Irish computer chip firm Powervation targets €100m sales after takeover deal
Powervation, an Irish designer and producer of ultra energy-saving computer chips, aims to increase revenue to €100m over the next three years after being acquired by Japanese electronic parts manufacturer ROHM.
ROHM said yesterday it bought the Cork-based firm for €64m in an all-cash transaction. The Japanese company is a $3bn (€2.7bn) global leader in analog and power semiconductors.
Powervation will become a fully-owned subsidiary of ROHM, with its principal design centre remaining in Cork and system application centres in the US and Asia. The company has received the backing of industry heavyweights such as US giants Intel and Semtech Corporation.
Powervation employs about 45 people, with 20 based in Cork. It was founded in 2006 by Dr Karl Rinne, a lecturer at the University of Limerick and his then research student Dr Eamon O'Malley. The firm's chips, which reduce power consumption and related costs and carbon emissions, are used in the data centres of firms such as Google and Amazon. Speaking to the Irish Independent, chief executive Mike McAuliffe said that the business is now looking to exponentially grow its sales.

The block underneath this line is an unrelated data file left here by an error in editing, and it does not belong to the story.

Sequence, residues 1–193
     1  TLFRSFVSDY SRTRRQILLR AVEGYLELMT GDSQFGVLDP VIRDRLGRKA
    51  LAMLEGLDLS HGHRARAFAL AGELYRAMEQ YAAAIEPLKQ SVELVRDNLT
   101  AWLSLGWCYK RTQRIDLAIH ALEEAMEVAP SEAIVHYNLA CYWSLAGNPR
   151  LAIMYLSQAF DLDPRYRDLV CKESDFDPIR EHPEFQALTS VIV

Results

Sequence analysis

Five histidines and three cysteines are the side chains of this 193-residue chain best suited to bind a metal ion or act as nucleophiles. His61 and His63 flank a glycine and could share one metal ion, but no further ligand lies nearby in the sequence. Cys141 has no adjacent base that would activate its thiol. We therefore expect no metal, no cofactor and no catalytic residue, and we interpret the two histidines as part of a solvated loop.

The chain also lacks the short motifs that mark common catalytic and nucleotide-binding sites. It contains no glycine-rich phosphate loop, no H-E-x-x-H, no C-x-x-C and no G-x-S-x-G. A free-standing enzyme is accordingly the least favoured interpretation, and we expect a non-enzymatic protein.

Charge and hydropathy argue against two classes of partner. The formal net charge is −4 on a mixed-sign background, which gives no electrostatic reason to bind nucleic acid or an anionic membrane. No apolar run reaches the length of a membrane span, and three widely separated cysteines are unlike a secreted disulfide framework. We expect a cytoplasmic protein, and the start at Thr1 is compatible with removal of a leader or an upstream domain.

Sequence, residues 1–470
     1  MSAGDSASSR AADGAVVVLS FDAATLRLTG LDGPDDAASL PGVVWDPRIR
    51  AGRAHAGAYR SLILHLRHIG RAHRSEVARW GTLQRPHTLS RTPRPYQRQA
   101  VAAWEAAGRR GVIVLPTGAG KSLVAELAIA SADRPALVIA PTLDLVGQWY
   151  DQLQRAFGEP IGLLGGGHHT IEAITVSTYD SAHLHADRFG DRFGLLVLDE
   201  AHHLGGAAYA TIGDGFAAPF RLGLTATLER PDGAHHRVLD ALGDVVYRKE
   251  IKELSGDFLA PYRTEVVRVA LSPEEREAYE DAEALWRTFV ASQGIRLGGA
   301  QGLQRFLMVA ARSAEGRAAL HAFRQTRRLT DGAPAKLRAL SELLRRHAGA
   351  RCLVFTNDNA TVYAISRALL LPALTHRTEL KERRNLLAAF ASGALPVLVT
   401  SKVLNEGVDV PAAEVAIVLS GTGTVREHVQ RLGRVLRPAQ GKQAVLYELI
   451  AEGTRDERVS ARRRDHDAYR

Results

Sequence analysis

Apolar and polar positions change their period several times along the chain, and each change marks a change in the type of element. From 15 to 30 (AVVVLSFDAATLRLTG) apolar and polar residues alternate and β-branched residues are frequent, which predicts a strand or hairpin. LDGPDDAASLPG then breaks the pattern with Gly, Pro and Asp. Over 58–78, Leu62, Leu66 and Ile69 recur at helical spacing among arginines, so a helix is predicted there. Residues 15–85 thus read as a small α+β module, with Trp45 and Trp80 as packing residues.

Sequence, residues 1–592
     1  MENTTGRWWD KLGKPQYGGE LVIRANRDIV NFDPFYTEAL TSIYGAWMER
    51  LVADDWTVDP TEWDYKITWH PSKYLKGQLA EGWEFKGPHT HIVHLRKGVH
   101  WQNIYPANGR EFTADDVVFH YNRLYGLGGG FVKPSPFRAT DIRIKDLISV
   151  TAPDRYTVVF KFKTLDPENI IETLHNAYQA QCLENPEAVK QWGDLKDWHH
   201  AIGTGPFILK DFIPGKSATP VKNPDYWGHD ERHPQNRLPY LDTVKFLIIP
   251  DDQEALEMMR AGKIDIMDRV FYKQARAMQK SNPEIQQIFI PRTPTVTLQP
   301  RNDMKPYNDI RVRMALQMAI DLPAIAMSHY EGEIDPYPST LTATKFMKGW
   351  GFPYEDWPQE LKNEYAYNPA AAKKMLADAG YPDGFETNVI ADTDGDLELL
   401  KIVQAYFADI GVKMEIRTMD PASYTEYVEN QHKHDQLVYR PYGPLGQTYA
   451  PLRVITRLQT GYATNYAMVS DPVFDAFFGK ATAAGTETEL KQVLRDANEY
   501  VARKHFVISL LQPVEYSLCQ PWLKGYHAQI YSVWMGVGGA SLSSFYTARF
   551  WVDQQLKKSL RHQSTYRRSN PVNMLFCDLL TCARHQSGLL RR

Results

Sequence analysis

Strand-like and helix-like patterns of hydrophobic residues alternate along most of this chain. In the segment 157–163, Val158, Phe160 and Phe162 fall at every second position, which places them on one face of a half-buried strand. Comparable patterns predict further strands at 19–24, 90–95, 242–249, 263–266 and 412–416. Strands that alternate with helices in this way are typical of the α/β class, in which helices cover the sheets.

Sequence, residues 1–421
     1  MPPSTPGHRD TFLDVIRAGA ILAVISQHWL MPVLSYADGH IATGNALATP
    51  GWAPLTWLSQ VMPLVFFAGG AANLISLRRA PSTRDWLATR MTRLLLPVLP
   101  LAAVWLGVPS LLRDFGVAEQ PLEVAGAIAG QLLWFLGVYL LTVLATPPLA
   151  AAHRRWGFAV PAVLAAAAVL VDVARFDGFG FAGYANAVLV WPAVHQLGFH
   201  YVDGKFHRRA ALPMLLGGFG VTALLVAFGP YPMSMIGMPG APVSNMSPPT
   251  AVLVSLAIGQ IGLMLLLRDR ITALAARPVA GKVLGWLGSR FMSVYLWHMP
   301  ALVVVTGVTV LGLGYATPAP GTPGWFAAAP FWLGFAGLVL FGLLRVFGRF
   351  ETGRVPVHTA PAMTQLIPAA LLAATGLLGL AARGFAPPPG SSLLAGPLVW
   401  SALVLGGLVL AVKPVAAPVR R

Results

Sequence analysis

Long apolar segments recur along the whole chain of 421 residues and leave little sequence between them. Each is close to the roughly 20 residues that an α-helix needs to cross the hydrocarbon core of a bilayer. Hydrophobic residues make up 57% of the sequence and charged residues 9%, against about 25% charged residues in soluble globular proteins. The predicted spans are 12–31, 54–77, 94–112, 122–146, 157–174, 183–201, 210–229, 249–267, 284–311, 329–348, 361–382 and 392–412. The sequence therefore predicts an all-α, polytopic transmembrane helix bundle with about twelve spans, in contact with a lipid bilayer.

Although the most recent set of company accounts available for Powervation show that its turnover was just under €250,000 in 2013, Mr McAuliffe says the firm has ramped up massively in the intervening period and now has sales reaching into the millions of euro.
"We now have multi-million euro sales per year and multi-million sales per quarter," he said. "It's the nature of the business, once you are finished the research stage and start selling you ramp up quickly. We are now aiming to achieve €100m in sales, over the next three years, it would be the next big target."
He revealed that Powervation has had several previous takeover offers but added that "now is the right time to sell".
"ROHM is very strong in consumer and industry which are markets that we are not in at all at the moment, our growth rate [with them] would be of a much greater magnitude than what we could do by ourselves," Mr McAuliffe said.